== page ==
qualified counselors as critical to effective work environments in JJ.
The purpose of this study was to examine JJ teacher attrition and
retention factors across three states. The authors sought to determine
interactions between facility type (short-term and long-term), gender
(male and female), teacher type (general and special education), and
state (Georgia, Louisiana, and Ohio) across three factors (job
satisfaction, role perception, and quality of experiences in the JJ
system). Additionally, teacher ratings are discussed relative to one
another to further validate the practical aspects of the findings.
Specifically, teacher job design, stress level, roles dissonance, and
self-efficacy scores are highlighted. This study used Georgia data
reported in Houchins et al. (2004), but expanded the data set to include
information from two additional states. Additionally, this study asked
research questions comparing and contrasting the perceptions of JJ
teachers across three states with varying degrees of system reform. Ohio
had not been involved in system reform. Louisiana had been involved in a
consent decree with the federal Department of Justice (DOJ) while
Georgia had been involved in a memorandum of agreement (MOA) with the
federal DOJ. Studying findings from a multi-state perspective provides
researchers, administrators, and teachers with a better understanding of
how to best meet the challenge of retaining JJ teachers with differing
backgrounds, contexts, and experiences.
Participants and Setting
Participants were 542 JJ teachers from three states: Georgia (n =
338), Louisiana (n = 78), and Ohio (n = 126). The participant pool in
the three states was comprised of all the JJ teachers in each state. A
slight majority of participants were female (56%) as compared to males
(44%). Approximately three-fourths of the teachers were general
education teachers (68%) and working in a long-term facilities (67%).
Eighty-three percent of the teachers were 35 years old or older, with
44% being 51 years of age or older. In all three states the survey was
administered to teachers by system-level administrators using the same
standardized procedures. Georgia teachers were administered the survey
by school administrators during a session at an annual state-wide
conference for JJ personnel sponsored by the Georgia Department of
Juvenile Justice. Louisiana and Ohio teachers were provided the survey
by a state level administrator who distributed and collected them at the
school level. Teachers were provided approximately one hour to complete
the survey. Teachers did not provide their names on the survey. Each
survey was assigned a number based on the total number of teachers in
each state. The response rate was established by dividing the number of
surveys completed by the number of possible teachers in a given state.
All responses were anonymous. Data were collected across the three
states within a two year timeframe. Table 1 provides details on the
gender, age, type of teacher (special education v. general education),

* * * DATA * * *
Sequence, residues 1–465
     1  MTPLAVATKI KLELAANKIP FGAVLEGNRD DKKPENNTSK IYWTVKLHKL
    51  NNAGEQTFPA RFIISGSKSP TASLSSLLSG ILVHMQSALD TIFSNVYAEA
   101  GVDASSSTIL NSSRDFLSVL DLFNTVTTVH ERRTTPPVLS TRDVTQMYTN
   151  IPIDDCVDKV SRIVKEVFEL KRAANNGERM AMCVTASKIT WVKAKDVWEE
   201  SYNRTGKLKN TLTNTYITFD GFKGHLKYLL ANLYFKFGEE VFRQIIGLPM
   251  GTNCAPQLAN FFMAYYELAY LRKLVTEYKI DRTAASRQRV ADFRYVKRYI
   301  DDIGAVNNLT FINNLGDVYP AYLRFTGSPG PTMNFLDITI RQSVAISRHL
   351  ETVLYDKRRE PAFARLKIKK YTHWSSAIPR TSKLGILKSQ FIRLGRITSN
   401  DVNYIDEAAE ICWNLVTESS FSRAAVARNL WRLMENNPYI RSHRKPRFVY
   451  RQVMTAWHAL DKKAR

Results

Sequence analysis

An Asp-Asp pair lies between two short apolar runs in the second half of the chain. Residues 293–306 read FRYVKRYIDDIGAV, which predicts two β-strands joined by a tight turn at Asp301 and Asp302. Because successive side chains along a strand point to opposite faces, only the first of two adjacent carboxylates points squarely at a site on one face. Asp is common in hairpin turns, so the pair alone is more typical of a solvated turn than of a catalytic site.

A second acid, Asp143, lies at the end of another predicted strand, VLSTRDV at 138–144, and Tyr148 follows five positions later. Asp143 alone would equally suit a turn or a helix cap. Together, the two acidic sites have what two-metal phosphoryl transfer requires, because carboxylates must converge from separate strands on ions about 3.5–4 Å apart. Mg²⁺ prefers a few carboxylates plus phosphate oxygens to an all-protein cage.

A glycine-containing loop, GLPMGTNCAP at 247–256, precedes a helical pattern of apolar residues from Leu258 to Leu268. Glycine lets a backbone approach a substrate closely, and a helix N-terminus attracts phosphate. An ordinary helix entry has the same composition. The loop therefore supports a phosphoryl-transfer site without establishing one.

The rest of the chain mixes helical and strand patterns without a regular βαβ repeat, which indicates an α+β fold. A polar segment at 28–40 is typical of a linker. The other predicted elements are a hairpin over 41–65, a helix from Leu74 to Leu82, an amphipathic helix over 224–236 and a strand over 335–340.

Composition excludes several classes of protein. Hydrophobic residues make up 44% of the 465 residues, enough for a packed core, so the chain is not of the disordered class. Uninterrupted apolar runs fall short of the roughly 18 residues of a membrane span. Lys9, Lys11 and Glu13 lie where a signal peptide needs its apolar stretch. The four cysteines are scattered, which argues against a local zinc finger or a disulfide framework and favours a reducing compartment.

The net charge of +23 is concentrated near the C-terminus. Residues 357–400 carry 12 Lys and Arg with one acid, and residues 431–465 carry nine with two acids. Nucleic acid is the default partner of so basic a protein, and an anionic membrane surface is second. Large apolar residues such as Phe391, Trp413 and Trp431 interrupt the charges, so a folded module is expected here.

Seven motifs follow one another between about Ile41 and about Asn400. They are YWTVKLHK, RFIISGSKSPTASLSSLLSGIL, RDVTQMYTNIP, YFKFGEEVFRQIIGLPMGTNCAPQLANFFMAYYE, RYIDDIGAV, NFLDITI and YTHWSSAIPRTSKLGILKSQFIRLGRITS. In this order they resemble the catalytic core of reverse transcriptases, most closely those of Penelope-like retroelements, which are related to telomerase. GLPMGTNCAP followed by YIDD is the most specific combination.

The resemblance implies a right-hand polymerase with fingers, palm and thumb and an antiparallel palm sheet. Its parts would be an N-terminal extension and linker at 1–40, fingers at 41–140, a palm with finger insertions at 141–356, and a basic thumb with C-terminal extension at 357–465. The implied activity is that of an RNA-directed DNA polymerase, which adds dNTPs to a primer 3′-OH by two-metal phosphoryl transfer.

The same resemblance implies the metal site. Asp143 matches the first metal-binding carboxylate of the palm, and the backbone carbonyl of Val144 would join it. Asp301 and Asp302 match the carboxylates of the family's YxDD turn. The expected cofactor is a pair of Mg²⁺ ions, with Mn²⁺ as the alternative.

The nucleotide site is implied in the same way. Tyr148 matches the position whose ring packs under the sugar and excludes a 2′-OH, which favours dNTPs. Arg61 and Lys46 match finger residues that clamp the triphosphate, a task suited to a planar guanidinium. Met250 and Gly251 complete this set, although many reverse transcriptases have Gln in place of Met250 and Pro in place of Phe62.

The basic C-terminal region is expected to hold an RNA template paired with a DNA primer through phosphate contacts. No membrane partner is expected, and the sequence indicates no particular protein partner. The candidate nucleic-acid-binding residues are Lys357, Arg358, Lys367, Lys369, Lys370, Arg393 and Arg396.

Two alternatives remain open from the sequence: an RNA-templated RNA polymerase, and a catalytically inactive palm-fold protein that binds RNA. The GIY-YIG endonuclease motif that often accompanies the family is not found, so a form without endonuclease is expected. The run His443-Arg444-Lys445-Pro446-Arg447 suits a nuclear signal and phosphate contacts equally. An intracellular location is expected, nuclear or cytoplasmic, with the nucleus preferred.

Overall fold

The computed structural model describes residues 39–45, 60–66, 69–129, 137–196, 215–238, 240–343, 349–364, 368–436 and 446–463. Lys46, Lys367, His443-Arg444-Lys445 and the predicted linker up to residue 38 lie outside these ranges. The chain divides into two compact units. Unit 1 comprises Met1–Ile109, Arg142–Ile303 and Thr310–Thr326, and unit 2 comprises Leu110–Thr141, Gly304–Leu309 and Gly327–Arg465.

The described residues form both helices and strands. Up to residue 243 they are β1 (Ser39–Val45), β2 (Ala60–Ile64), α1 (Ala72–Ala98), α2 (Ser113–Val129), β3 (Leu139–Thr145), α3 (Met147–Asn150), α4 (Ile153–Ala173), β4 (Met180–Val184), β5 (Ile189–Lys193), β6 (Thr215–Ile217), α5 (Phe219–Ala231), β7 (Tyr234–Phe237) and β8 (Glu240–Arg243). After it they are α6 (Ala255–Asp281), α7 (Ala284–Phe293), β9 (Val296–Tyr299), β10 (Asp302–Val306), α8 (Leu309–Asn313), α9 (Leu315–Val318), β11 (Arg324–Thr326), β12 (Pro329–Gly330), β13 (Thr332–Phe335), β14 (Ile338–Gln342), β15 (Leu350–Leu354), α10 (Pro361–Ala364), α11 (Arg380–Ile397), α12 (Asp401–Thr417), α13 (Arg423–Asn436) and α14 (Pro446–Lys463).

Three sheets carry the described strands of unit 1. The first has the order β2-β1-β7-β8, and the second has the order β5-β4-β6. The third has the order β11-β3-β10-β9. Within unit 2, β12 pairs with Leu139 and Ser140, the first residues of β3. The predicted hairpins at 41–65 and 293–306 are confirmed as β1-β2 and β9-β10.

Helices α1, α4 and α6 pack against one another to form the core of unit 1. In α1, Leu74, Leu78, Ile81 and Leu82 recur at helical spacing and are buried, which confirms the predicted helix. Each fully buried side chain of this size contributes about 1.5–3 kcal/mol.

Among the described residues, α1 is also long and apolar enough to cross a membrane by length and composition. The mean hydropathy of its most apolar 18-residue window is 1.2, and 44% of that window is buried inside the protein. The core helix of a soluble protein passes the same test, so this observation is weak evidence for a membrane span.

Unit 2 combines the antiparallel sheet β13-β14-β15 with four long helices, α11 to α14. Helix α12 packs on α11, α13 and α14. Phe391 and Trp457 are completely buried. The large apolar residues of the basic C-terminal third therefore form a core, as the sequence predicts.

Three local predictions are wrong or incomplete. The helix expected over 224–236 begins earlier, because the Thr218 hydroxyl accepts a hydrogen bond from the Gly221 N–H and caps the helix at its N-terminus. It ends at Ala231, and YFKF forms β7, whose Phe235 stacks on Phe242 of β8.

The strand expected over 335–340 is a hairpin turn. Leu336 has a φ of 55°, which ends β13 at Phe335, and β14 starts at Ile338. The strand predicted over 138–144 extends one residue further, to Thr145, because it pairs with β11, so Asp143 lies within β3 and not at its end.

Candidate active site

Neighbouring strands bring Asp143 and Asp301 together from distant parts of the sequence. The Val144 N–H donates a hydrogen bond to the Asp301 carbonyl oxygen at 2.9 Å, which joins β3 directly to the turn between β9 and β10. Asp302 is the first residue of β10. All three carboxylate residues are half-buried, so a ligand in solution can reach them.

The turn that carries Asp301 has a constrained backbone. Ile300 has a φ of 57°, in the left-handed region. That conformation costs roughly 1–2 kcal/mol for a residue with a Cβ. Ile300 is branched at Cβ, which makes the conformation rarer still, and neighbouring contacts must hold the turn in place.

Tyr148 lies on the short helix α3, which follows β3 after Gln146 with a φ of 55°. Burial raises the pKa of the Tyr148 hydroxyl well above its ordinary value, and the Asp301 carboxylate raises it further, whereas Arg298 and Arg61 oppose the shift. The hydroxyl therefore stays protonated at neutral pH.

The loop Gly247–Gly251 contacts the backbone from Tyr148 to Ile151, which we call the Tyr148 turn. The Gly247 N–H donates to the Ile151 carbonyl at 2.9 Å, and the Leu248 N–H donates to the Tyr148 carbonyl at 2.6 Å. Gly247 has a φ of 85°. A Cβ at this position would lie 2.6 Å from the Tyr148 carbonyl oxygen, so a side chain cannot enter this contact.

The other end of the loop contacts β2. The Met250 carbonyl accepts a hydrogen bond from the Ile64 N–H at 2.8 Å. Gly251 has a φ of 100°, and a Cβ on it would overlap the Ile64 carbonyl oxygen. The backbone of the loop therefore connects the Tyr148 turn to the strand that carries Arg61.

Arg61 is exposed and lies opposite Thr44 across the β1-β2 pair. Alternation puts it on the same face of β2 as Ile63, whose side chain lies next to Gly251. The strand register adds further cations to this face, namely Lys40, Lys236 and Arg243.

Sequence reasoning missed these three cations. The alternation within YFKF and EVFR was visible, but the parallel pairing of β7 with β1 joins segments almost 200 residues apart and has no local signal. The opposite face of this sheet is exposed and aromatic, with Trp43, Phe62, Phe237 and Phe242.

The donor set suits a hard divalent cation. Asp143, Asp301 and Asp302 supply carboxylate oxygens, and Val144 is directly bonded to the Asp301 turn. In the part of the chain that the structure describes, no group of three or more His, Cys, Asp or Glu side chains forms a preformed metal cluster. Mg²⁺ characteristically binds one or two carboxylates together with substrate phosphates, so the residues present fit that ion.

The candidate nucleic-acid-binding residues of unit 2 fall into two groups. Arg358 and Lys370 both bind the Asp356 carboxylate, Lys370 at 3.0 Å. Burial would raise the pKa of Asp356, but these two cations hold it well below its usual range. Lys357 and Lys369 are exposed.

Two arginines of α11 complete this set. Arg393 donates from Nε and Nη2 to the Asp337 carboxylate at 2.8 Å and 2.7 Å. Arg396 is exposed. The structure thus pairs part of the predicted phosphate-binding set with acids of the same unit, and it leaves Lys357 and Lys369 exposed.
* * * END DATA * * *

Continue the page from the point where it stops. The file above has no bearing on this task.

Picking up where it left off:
and type of facility (long-term v. short-term) for participants across
and within states.
An adapted form of the Morivant, Gersten, Gillman, Blake, and
Howard (1992) Working in Special Education survey was used in this
study. The original survey maintains a high reliability coefficient
alpha of .92 and is divided into the following six sections: (1)
participant demographics, (2) job satisfaction, (3) role satisfaction,
(4) teaching experience, (5) initial teaching experience, and (6) career
plans. The original survey was developed based on salient factors that
contribute to teacher attrition and retention. For our purposes, an
exploratory factor analysis (Tabachnick & Fidell, 2001) was
conducted using study data. The analysis established the following
factors: (1) satisfaction (overall, job, impact, site); (2) role
(support, understanding, efficacy, advocacy, communication); and (3)
experience (stress, students, others, system).
The survey was piloted with 10 JJ school principals. Principals
were chosen because they were most familiar with the experiences of JJ
teachers, but would not be completing the survey for the purposes of the
final study. Adaptations made to the original survey (Morivant et
al.1992) were minor, primarily focusing on replacing typical school
setting terminology with JJ wording. For example, the phrase
"school" was replaced with "juvenile justice
facility." Teachers were able to identify themselves as working in
general education or special education. Additionally, teachers were able
to identify what type of facility they worked at so facility data could
be analyzed regarding student length of stay (long term v. short term).
The Louisiana survey included additional qualitative and
quantitative questions at the request of the state administrator. These
questions focused on barriers and facilitators to providing incarcerated
youth with a system of education and are reported elsewhere (Houchins et
al. 2009). Quantitative questions focusing on administrative support
were expanded to include site directors, lead teachers, and educational
supervisors. Questions about security personnel and their role in the
facility also were added. Only the 150 common questions across the three
surveys were used in this study. The current study analyzed data across
all three states.
Multivariate Analysis of Variance's (MANOVA's) were
conducted (Shavelson, 1996) to determine if there was an interaction